Arrested For The First Time? What To Know About Using A Bail Bond

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Arrested For The First Time? What To Know About Using A Bail Bond

26 March 2019
 Categories: , Blog


Encountering any experience for the very first time is always memorable, but when the first experience involves being arrested for a criminal offense, the memories you make are rarely ever pleasant. Fortunately, even this type of dire circumstance can be improved upon by using the bail bond system to avoid being stuck in jail while awaiting your court date. If you or someone you love has just been arrested and you need a better understanding of how the bail bond system works, the following information is sure to help. 

What does it mean to post bail? 

Paying a fee to the court in the form of bail is a financial guarantee that the defendant will appear in court when ordered to do so. Bail bond agreements typically contain wording to this effect, as well as listing any other stipulations the court is requiring, such as avoiding travel outside the area without the permission of the court and abiding by all local, state, and federal laws. It is important to note that posting bail is not an admission of guilt and is not a factor considered by the court when rendering a verdict. 

What is most likely to occur after the arrest? 

Having contact with a law enforcement office does not necessarily mean that an arrest will take place. However, if it does happen, the arrested party will face one of the following outcomes: 

  • they may be arrested and then released with a summons to appear in court 
  • they may be arrested and required to post a preset bail amount before they can be released
  • they may be arrested and required to remain in custody until the court approves a bail amount, usually through a formal bail hearing process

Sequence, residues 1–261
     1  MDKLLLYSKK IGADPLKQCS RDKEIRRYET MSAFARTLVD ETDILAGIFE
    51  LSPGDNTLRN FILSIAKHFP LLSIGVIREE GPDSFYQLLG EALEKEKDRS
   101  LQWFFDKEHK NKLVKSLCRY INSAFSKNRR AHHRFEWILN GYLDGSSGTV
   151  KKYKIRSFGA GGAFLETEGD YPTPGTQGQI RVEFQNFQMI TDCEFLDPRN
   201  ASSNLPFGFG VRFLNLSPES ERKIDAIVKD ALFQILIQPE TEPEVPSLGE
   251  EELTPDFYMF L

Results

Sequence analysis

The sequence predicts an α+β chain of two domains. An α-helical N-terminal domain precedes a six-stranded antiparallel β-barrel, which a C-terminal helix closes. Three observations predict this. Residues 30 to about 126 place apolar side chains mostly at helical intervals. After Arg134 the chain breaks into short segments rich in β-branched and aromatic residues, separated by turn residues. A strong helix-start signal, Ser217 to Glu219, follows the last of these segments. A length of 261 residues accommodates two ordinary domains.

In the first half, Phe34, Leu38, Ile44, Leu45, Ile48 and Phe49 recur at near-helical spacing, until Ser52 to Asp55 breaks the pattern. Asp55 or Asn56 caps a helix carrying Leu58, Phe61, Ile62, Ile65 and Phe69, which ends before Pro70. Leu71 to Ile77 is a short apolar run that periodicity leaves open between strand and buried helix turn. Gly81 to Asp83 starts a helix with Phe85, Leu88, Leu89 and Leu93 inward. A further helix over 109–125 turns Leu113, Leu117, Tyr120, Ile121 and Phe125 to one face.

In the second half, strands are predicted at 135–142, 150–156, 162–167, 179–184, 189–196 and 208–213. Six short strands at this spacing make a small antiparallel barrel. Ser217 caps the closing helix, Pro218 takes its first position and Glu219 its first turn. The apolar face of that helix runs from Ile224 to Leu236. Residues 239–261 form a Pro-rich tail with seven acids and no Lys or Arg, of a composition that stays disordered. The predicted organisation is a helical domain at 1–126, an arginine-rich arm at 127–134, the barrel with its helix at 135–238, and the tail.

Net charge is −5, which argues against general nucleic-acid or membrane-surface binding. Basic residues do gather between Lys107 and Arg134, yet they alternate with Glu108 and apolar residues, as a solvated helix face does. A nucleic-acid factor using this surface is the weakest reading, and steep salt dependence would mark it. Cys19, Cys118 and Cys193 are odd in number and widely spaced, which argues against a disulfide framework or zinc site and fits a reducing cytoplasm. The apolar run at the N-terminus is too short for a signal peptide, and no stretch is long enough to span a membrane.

Less serious offenses typically have a preset bond amount that makes it possible for the arrested party to more easily post bail and be released soon after booking. This benefits the local law enforcement agency and court system by helping to prevent overcrowding in county jails and holding facilities while also making it easier for people to maintain a more normal life while working through legal issues. 

If the crime is more serious, the arrested party may have no option to post bail until they appear before the judge for arraignment or for a bail hearing. Some violent offenses, such as murder or rape, may require the defendant to remain in jail until and during their trial with no opportunity to post bail.            

Is formal booking required before bail can be posted? 

Booking is an administrative function that law enforcement agencies use after the arrest has been made. Any formal arrest will include the booking process, and bail will not be able to be posted until after the arrested party has been booked. Those who are arrested and booked should understand that they will be fingerprinted and have an entry made into the criminal history system as a result of the booking process.

What determines the amount of the bail bond? 

Several factors can affect the amount of a defendant's bail bond. One of the most important of these is whether the person is considered to be a flight risk. Someone who lives in the area and has been arrested for the first time on a non-violent charge should expect to have a much lower bail bond amount than someone who has a significant criminal history and does not live in the area. By placing a much larger bail amount on defendants who are more likely to be a flight risk, the court is helping to ensure the accused will comply with the stipulations of their bail bond agreements. 

What happens to the money paid to the bail bond agent? 

When a bail bond agent agrees to post bond for a defendant, they are agreeing to post the full amount. The defendant pays only a small percentage of the total, often 10 percent, as a nonrefundable fee to the bail bond agent for their service. 

When you or a loved one has been arrested and charged with a crime, contacting a bail bond agent to assist you with posting bond can help you continue to live in your home, attend work or school, and care for your family while you await your court date.